Project Risk Management for Absolute Beginners
By Carol G.
Risk Management must be one of the most intimidating aspects to project management. What if you miss seeing one? What if you choose the wrong course of action? What if you ignore one that was brought to your attention when you were preoccupied? One false move can be hazardous to your project. It’s no wonder many people would rather gloss over risk management than face it.
Here are some simple suggestions for facing and managing your risks.
There are three main types of risk:
- External – not directly related to the project but can affect it. These risks will most likely be related to the corporate environment / culture or politics.
- Internal – have a direct affect on the project but are under your control.
- Technical – impact the tools you use during the project cycle e.g. software, manufactured parts etc.
I’m sure there are more types of risk and they can be called whatever you want. The main point here is to recognize the source of the risk so you can determine the amount of control you may have over it.
Step 1: Identify/Analyze Risk
- The first pass is usually best done as a group brainstorming event. Keep the group small to maintain focus.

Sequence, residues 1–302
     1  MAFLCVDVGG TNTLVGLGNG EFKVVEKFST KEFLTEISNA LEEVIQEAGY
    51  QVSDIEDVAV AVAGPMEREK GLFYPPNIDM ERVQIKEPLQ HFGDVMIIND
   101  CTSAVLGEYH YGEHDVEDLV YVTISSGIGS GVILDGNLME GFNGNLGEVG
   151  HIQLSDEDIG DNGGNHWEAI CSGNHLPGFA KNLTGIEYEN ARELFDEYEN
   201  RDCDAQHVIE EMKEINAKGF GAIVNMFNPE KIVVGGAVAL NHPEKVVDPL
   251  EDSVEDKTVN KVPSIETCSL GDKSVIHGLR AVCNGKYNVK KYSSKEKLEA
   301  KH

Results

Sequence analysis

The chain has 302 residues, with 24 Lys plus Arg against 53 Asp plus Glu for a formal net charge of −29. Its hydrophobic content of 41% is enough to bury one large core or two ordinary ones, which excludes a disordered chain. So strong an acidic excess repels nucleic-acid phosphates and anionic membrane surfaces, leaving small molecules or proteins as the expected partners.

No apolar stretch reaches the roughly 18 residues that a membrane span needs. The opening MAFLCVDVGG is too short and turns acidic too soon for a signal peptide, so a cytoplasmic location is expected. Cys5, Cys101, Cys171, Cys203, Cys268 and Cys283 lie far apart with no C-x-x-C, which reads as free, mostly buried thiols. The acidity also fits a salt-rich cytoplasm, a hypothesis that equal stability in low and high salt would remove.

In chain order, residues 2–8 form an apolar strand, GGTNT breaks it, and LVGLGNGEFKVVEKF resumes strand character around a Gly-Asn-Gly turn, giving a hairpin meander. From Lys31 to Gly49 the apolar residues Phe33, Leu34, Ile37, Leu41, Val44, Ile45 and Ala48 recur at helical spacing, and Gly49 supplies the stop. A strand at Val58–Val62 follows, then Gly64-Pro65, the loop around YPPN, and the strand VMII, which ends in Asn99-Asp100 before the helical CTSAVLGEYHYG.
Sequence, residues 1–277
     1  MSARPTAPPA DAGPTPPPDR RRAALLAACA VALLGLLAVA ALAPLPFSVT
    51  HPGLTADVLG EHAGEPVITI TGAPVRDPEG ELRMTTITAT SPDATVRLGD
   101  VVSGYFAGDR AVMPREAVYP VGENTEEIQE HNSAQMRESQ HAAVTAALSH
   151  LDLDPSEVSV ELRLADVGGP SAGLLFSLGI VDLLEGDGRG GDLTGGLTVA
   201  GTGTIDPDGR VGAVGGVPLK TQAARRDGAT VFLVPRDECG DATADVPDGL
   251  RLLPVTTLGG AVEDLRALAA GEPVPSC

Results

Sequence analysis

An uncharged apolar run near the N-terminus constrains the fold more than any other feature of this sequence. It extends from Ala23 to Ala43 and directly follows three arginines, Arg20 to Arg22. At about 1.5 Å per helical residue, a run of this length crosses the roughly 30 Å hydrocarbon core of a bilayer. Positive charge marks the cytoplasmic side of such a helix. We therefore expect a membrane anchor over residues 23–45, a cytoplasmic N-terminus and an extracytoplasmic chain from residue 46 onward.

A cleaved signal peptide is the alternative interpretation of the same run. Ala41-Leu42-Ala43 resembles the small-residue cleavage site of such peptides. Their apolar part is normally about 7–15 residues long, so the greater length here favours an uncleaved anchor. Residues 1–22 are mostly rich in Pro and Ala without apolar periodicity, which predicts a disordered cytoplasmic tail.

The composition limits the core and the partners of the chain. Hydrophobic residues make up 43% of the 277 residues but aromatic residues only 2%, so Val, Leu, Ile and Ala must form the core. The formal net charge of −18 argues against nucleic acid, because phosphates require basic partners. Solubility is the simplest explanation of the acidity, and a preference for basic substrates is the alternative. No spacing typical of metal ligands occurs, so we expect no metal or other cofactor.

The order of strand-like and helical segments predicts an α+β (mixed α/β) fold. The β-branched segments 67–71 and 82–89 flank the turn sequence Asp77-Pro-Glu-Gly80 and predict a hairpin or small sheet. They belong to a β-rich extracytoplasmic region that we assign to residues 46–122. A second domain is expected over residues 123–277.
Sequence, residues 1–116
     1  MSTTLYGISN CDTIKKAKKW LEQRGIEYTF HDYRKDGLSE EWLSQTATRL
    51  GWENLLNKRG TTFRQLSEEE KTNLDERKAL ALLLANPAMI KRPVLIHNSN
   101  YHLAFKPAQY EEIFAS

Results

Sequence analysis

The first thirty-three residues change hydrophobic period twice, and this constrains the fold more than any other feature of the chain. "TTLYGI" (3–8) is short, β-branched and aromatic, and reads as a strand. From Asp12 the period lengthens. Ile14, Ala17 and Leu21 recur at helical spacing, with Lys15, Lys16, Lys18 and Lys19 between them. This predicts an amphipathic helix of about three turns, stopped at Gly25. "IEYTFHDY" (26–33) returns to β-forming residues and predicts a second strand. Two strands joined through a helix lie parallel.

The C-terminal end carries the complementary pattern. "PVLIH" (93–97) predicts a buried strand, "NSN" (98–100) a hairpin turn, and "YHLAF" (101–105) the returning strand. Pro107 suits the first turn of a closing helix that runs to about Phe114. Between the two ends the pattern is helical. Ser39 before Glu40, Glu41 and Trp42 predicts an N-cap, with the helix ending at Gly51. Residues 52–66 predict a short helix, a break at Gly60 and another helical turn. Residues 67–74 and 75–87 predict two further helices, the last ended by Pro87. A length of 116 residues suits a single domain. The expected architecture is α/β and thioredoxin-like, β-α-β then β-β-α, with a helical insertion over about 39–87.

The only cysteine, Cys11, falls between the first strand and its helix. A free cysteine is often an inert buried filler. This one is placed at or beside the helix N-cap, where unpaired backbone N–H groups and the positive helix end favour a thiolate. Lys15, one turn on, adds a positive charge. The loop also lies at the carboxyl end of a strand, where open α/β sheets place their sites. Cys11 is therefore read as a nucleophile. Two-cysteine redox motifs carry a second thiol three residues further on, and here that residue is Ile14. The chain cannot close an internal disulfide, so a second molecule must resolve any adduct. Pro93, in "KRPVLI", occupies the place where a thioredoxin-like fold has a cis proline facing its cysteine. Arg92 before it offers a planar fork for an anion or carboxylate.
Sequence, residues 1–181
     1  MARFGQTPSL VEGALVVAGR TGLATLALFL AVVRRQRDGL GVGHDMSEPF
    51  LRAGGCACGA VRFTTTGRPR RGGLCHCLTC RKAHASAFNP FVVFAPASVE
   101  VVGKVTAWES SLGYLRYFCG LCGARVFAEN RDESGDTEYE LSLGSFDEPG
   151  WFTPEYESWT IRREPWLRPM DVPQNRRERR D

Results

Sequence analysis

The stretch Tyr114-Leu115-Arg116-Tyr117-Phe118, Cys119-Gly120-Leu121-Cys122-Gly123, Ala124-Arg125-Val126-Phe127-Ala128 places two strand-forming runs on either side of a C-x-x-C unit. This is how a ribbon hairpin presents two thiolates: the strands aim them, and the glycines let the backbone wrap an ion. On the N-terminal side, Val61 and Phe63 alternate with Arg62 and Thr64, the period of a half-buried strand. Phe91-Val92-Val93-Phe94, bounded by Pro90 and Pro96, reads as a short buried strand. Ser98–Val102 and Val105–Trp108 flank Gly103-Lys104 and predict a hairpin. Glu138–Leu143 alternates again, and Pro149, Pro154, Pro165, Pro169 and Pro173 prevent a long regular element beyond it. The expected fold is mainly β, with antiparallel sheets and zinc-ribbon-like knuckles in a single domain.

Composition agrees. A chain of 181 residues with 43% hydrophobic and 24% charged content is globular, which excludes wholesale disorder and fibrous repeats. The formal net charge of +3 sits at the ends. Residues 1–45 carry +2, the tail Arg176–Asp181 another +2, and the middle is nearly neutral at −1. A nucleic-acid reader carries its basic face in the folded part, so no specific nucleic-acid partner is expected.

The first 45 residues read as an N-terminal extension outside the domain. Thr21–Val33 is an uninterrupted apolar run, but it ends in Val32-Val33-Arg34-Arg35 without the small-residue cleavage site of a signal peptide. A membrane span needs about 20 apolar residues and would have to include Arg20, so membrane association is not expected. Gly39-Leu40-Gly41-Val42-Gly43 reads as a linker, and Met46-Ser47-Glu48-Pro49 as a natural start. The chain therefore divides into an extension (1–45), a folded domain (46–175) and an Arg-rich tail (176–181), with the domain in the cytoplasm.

- In the first session, you will also communicate the process for reviewing and adding risks.
- For each risk identified, assign probability and impact values from 1-3 (high, med, low)
- Identify the top 1/3 of your risks (high probability, high impact for example). These will be your focus items.
Step 2: Respond to the Risks
- For all risks identified in Step 1, document your analysis (type, probability, impact)
- Determine your response strategy. Will you mitigate, plan for contingency or defer?
- Document the triggers for activating your plan and set dates if possible.
- Assign an owner! Find the person who will be the first to recognize if the risk event is about to occur. This person will be responsible for monitoring the situation and advising the project team of the status.
Step 3: Monitor all Risks
- Follow the communication and review process set in Step 1.
- Assess probability / impact for all identified risks regularly as some may increase or decrease in importance as the project progresses.
- As new risks are identified, follow the steps above to bring them into the process.
- Your tracking process does not need to be complicated, just be sure to keep your risks visible and up to date.
In short, don’t hide from risks, face them and work with them. Just think, any of the risks you face could present you with your defining moment as a Project Manager – will you be a hero?
Carol G. is a team leader and project manager in Cambridge, Ontario. Carol runs a professional blog, the FireHorse Thoughts.
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